“Paroah b’pajama b’emtza halayla (Pharaoh in pajamas in the middle of the night).”
You are probably familiar with the classic children’s song about Pharaoh searching for Moses and Aaron in the middle of the night, begging them to take the Jews out of Egypt before the plague of the first born strikes him.
Pharaoh has clearly reached his breaking point, prepared to do whatever it takes to be spared from death.
And yet, when the Jews left Egypt, it was under the original agreement that they would be gone for only three days and then return. That’s why in this week’s parsha, Pharaoh chased the Jews down. In the words of the Torah: “It was reported to Pharaoh that the people had fled.” They’d fled? one might wonder. But Pharaoh had sent them out!
Rashi explains, “Pharaoh sent officers with them, and as soon as the three days [the Israelites] had set to go [into the desert] and return had elapsed and [the officers] saw that they were not returning to Egypt, they came and informed Pharaoh.”
This is very perplexing. Had Moses said to a frightened Pharaoh, “We are ready to go, not just for three days as originally requested, but for good,” would Pharaoh not have acquiesced?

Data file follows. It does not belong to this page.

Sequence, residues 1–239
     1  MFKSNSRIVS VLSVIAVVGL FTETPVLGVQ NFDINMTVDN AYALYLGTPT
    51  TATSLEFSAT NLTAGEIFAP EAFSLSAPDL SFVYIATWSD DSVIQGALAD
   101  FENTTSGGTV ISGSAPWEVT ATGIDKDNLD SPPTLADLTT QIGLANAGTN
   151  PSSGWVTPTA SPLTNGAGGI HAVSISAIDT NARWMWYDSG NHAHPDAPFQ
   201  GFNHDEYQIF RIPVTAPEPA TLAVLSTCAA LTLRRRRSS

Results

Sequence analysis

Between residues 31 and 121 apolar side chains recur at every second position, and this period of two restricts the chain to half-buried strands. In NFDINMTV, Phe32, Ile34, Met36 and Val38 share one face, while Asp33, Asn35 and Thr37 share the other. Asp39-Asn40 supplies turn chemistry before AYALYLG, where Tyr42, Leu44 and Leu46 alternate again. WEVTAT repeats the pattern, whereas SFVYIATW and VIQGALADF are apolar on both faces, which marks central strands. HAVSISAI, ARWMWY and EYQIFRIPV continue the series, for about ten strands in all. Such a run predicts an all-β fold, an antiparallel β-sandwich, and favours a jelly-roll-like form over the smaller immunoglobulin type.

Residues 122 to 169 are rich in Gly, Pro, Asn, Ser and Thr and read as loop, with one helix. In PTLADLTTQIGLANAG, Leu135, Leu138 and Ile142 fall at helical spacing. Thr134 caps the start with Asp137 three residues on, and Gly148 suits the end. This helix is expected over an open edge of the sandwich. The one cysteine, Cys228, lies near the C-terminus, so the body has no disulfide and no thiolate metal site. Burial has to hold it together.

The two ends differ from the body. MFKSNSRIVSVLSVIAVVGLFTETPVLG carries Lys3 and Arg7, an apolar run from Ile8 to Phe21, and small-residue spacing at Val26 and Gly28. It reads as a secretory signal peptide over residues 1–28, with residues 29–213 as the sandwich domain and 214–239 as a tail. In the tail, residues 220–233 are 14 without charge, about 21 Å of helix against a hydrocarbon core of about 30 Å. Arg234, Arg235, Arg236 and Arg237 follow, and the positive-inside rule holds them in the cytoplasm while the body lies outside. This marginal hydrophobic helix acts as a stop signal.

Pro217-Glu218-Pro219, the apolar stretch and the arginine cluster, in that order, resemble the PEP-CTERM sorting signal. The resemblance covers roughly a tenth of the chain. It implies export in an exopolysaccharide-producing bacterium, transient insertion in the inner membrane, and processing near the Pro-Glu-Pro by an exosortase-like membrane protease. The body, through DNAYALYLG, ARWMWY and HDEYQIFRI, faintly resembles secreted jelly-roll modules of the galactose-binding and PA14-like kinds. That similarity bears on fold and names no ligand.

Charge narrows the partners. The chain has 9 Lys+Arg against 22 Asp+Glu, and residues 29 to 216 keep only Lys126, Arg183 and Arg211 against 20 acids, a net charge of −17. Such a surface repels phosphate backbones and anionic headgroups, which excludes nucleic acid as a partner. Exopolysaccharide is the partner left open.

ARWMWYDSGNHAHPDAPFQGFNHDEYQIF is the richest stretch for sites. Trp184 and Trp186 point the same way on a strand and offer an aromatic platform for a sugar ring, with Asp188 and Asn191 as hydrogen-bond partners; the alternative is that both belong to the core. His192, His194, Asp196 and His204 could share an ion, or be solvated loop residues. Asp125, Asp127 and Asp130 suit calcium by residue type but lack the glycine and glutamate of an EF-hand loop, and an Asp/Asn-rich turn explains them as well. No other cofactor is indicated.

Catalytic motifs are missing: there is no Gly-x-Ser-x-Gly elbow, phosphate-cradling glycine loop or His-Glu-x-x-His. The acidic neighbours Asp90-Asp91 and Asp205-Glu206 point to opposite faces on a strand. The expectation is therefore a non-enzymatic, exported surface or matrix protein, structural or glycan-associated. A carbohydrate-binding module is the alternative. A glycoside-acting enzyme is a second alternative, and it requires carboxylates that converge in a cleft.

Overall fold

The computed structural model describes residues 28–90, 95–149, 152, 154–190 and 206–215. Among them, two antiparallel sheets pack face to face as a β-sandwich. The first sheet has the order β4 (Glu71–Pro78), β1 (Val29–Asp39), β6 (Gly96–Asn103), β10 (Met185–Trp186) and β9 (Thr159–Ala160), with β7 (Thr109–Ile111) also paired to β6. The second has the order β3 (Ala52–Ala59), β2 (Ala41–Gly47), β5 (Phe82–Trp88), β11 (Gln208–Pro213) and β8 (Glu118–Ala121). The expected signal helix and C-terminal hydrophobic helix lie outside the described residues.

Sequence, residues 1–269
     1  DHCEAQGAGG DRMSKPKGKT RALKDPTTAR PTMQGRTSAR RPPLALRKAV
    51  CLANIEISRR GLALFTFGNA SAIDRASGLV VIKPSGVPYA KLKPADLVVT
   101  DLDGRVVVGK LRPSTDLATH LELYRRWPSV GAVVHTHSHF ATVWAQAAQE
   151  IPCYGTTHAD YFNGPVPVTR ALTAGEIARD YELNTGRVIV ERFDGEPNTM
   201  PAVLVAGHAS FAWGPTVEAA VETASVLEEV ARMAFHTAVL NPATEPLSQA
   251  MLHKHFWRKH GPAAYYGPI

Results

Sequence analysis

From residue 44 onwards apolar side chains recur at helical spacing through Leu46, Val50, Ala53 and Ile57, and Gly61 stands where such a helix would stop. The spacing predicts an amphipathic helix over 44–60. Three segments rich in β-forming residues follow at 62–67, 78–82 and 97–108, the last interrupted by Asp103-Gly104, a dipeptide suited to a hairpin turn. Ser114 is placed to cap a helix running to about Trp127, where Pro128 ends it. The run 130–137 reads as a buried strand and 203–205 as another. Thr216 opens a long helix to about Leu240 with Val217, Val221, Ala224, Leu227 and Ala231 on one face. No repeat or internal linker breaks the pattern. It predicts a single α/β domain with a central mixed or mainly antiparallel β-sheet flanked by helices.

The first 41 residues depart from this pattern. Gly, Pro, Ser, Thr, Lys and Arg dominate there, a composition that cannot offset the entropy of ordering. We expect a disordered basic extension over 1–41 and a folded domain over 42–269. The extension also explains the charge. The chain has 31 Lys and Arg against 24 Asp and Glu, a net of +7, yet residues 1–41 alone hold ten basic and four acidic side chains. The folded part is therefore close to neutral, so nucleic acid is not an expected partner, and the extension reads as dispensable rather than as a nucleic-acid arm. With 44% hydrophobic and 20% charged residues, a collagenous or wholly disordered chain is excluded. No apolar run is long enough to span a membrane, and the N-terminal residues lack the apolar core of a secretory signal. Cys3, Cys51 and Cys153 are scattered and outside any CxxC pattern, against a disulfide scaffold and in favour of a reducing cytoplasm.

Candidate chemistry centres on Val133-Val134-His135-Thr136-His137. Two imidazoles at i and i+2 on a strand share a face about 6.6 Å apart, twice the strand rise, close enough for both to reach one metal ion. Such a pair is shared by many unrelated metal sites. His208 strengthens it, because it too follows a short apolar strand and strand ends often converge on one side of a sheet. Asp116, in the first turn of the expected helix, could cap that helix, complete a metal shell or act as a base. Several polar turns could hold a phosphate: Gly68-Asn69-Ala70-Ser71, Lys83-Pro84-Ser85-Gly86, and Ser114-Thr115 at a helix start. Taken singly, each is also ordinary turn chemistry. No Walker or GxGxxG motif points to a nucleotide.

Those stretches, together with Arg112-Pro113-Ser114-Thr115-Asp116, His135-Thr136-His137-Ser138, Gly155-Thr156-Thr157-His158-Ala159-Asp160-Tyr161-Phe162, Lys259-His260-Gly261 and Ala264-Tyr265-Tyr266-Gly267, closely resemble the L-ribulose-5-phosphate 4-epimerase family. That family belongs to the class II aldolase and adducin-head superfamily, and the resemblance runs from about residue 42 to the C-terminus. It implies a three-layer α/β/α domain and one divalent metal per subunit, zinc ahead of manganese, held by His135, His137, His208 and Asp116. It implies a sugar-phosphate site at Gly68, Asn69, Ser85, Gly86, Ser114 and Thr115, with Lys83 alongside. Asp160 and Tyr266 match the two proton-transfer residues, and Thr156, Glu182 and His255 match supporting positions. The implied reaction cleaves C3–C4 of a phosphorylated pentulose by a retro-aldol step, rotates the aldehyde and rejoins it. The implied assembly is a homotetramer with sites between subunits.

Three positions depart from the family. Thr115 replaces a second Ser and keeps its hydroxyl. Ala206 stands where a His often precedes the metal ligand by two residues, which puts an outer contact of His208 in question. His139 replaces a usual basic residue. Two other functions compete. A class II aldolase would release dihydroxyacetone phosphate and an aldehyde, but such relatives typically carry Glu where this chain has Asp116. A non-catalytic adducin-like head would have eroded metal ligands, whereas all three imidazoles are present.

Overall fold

The Alter Rebbe, Rabbi Schneur Zalman of Liadi, has a wonderful explanation for this in his book “The Tanya.” The liberation of Egypt is not just an event of the past but an experience that continues to take place in the present as well. We are commanded to remember and relive the Exodus every day. This is the difficult task of liberating ourselves from our yetzer harah (evil inclination), bad habits, negative characteristics and undesirable behaviors.
In this process of self-liberation, it is easy to get discouraged. Hard as we work at getting rid of a bad habit, we sometimes stumble or fail. Even when we succeed in controlling our behavior, we still face inner conflicts that may lead us to wonder if we will ever be free from our struggles.
The story of the Exodus teaches us that even when we left Egypt, we were not free of Pharaoh.
The only way out was to trick him and flee. And yet, this is celebrated as freedom because, in actuality, we were no longer under Pharaoh’s jurisdiction.
The next time you find yourself struggling and manage to control yourself but feel down that you are struggling, remember to focus on the success of the results and celebrate; after all, the holiday referred to as the foundation of Judaism is a celebration of outwitting the evil regime, not getting rid of it.
May we merit the coming of Moshiach, when we will have achieved a new level, the total eradication of evil. May it be speedily in our days! PJC
Rabbi Yisroel Altein is the spiritual leader of Chabad of Squirrel Hill. This column is a service of Vaad Harabanim of Greater